Lee and Khanna Sponsor House Version of the Marijuana Justice Act

Rep. Barbara Lee (D-CA) and Rep. Ro Khanna (D-CA) today introduced the House version of the Marijuana Justice Act. This is the companion bill to Sen. Cory Booker’s legislation, S. 1689.

The Marijuana Justice Act, which Sen. Cory Booker introduced in the Senate last August, would end federal cannabis prohibition. In addition, it would help correct decades of injustice surrounding the discriminatory enforcement of marijuana criminalization laws in the United States. Rep. Barbara Lee and Rep. Ro Khanna are the leading forces behind this.

Booker’s bill would get the federal government out of the prohibition game by declaring that the Controlled Substances Act would no longer apply to cannabis.

Marijuana Justice Act

Lee and Khanna Sponsor House Version of the Marijuana Justice Act
It’s been a busy week for Rep. Barbara Lee (D-CA), above, who introduced a legalization protection bill last week, and a House version of Sen. Cory Booker’s Marijuana Justice Act this afternoon. via Leafly

The bill would not declare marijuana legal in all 50 states. However, it would simply remove federal illegality and allow each state to regulate cannabis in its own way. States with criminal penalties for cannabis would keep those laws. That is at least until voters or legislators decided to change them. On the other hand, states with legal regulated cannabis systems would be allowed to continue without the threat of federal interference.

The bill would also use federal funds to encourages states to change their cannabis laws. If the laws are shown to have a disproportionate effect on low-income individuals or people of color. Most studies on the issue have shown that those disproportionate effects happen in every state. The bill also includes provisions for expungement of marijuana-related convictions. Above all, it outlines community reinvestment funds for communities most impacted by the war on drugs and the prohibition of cannabis.

“This legislation will end this destructive war on drugs,” Rep. Lee said this afternoon. “Here on the first day, we have 12 co-signers in the House. Which is really remarkable.”

“This bill is really an essential step in correcting the injustices of the war on drugs,” she added.

Booker Bill Finally Getting Traction

U.S. Senator Jeff Sessions (R-AL) sits and listens during U.S. Republican presidential nominee Donald Trump’s roundtable discussion on security at Trump Tower in the Manhattan borough of New York, U.S., August 17, 2016. via Huffington Post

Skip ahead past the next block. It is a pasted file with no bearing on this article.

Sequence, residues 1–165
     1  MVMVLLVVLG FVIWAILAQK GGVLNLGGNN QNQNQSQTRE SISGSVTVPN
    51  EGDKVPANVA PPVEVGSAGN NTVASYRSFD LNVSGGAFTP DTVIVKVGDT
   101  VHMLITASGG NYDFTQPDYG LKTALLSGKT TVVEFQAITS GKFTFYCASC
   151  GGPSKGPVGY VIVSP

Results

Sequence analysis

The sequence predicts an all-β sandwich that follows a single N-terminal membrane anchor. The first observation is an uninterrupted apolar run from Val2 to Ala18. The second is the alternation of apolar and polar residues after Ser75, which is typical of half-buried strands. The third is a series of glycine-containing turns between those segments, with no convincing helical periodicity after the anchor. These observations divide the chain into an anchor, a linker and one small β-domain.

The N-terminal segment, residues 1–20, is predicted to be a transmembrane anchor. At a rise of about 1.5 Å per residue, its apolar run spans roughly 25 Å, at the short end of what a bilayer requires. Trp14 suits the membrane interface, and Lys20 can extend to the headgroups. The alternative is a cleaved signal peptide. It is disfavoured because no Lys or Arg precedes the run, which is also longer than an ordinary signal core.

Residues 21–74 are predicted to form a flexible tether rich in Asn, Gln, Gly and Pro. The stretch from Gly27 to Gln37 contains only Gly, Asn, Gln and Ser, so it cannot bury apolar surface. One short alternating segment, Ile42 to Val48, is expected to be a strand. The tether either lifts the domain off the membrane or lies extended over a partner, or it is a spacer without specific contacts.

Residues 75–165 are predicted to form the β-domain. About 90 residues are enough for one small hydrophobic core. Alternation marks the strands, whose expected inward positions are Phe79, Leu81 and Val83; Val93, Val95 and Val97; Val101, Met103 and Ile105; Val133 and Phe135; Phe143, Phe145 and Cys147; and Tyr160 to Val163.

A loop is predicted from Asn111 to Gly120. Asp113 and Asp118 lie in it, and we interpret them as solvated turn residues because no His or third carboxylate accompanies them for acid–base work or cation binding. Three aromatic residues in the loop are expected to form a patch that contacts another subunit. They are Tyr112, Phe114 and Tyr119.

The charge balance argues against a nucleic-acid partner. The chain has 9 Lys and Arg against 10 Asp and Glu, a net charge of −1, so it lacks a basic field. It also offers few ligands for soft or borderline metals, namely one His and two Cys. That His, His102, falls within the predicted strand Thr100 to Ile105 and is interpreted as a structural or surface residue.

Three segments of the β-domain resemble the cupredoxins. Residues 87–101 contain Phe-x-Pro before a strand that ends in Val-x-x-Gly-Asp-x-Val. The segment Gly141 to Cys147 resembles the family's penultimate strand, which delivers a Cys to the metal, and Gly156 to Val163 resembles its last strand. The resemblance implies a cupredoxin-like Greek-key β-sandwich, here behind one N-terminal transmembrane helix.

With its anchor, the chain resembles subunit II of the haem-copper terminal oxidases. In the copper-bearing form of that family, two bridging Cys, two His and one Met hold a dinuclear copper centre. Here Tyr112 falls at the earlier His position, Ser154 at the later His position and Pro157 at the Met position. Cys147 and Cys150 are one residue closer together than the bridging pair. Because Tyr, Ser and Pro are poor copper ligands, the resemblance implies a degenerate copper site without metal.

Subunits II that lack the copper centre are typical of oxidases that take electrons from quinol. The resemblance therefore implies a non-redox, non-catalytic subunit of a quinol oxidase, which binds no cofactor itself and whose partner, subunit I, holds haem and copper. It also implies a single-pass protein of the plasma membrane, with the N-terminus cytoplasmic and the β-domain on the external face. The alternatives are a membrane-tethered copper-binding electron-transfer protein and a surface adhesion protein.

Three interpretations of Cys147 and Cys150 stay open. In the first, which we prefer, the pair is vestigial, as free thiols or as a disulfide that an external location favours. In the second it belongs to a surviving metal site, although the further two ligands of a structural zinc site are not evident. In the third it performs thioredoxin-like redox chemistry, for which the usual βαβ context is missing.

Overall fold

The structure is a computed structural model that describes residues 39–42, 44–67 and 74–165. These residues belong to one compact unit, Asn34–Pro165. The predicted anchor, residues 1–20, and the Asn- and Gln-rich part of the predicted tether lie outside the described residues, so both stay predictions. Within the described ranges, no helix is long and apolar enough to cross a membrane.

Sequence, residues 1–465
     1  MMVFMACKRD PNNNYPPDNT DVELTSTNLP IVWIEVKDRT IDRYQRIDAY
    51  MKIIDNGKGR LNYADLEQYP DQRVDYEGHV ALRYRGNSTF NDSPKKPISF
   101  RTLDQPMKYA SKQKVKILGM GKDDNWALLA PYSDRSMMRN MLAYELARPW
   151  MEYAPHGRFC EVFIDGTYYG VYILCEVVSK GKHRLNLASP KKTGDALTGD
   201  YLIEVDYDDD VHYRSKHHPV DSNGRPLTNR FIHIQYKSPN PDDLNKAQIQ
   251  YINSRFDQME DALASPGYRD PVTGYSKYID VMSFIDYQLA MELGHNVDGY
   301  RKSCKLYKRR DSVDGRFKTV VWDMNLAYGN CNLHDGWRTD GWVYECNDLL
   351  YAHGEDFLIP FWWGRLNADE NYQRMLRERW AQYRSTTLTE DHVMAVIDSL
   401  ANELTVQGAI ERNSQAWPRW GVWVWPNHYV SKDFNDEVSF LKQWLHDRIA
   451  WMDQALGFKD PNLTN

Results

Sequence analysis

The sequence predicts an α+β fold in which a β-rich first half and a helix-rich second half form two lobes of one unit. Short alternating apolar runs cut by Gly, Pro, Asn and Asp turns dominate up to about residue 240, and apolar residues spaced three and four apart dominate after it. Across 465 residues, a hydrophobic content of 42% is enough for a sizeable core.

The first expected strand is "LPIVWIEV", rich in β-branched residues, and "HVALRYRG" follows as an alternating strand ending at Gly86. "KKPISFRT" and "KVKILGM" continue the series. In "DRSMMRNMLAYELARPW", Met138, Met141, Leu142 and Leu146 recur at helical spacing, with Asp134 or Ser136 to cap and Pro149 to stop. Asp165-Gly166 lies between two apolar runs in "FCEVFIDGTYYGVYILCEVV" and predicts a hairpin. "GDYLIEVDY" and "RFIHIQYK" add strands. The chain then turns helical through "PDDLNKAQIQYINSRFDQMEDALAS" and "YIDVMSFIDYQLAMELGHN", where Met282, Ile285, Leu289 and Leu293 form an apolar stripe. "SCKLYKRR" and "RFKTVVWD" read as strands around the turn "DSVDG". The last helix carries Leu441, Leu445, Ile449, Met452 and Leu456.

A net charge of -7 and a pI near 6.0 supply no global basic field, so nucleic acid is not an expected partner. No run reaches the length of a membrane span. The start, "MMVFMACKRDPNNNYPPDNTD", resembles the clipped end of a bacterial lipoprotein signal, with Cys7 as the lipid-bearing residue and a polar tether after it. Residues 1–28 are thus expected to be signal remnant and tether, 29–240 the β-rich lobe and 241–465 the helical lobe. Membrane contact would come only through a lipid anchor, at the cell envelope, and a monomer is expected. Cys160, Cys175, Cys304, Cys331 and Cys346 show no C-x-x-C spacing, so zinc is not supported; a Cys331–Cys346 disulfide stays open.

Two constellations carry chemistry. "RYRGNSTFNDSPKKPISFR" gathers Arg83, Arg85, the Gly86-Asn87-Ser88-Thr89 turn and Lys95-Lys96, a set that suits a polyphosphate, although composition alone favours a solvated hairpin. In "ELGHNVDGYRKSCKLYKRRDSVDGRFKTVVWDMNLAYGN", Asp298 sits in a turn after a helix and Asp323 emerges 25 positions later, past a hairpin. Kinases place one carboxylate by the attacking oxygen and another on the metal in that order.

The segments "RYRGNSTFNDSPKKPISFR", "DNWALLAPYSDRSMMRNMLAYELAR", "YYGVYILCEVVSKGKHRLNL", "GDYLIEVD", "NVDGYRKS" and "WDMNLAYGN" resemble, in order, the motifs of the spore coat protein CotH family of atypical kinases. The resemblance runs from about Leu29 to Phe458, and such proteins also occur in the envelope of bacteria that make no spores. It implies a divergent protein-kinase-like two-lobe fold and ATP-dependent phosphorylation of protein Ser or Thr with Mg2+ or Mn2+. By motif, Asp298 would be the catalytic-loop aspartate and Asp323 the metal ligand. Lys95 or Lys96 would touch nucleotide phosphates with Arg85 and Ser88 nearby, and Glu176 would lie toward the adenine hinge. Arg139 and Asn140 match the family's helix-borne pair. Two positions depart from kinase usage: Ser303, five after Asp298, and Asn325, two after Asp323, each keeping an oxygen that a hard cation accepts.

Booker’s bill has suffered since its introduction last year. Until recently only one senator—Oregon Democrat Ron Wyden had come aboard as a co-sponsor. In the wake of California’s adult-use system opening on Jan. 1, and Attorney General Jeff Sessions’ rescission of the Cole memo, a renewed interest in legalization has taken hold on Capitol Hill.

“We’re seeing this rush of enthusiasm [for legalization], from California to New Jersey,” Booker said.

“But it’s hypocritical and destructive if you don’t legalize while trying to undo the damage done by the war on drugs.”

Lee introduced a separate measure to prevent enforcement of federal laws in legal states last week. She spoke about the “devastating consequences” of Sessions’ removal of the Cole memo guidelines.

‘We Know Who Suffers in the War on Drugs’

Statistics. via Politic365

“We know who’s most likely to suffer from a revival of the war on drugs,” she said, referring to disadvantaged neighborhoods and people of color. “The Trump administration has made a major miscalculation,” she said, in attempting to revive the failed drug policies of the 1980s.

Rep. Khanna, whose district includes much of California’s Silicon Valley, addressed the economic issues covered in the bill. “The estimates are that the [nationwide] legalization of marijuana would result in a $40 billion industry. In addition, nearly 1 million jobs will be created and a tax base of $7 billion. That would more than cover the $500 million [in federal incentives and programs] in this bill. It’s a net gain.”

“But the economic impact is so much broader than just that $40 billion industry,” Khanna said. “We’re giving people a real second chance by getting rid of that criminal past that is stifling their future.”